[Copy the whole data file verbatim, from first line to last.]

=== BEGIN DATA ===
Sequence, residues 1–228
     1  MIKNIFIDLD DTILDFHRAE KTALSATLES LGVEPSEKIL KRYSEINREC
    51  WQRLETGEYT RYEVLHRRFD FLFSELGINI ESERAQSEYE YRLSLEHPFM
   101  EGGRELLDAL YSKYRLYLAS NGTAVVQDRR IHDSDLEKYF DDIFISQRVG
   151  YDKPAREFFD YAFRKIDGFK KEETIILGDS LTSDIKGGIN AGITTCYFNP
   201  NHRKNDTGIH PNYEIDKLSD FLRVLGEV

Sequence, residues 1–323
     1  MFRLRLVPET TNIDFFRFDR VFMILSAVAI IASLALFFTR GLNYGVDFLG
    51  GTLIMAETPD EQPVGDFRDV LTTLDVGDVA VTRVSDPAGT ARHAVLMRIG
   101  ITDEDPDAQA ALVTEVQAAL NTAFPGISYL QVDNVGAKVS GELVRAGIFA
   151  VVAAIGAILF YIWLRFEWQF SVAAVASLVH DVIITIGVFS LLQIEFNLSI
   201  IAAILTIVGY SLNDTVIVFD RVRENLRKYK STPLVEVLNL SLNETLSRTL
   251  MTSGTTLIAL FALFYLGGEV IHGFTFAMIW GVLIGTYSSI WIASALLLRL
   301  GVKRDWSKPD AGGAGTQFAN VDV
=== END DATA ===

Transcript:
Sequence, residues 1–228
     1  MIKNIFIDLD DTILDFHRAE KTALSATLES LGVEPSEKIL KRYSEINREC
    51  WQRLETGEYT RYEVLHRRFD FLFSELGINI ESERAQSEYE YRLSLEHPFM
   101  EGGRELLDAL YSKYRLYLAS NGTAVVQDRR IHDSDLEKYF DDIFISQRVG
   151  YDKPAREFFD YAFRKIDGFK KEETIILGDS LTSDIKGGIN AGITTCYFNP
   201  NHRKNDTGIH PNYEIDKLSD FLRVLGEV

Sequence, residues 1–323
     1  MFRLRLVPET TNIDFFRFDR VFMILSAVAI IASLALFFTR GLNYGVDFLG
    51  GTLIMAETPD EQPVGDFRDV LTTLDVGDVA VTRVSDPAGT ARHAVLMRIG
   101  ITDEDPDAQA ALVTEVQAAL NTAFPGISYL QVDNVGAKVS GELVRAGIFA
   151  VVAAIGAILF YIWLRFEWQF SVAAVASLVH DVIITIGVFS LLQIEFNLSI
   201  IAAILTIVGY SLNDTVIVFD RVRENLRKYK STPLVEVLNL SLNETLSRTL
   251  MTSGTTLIAL FALFYLGGEV IHGFTFAMIW GVLIGTYSSI WIASALLLRL
   301  GVKRDWSKPD AGGAGTQFAN VDV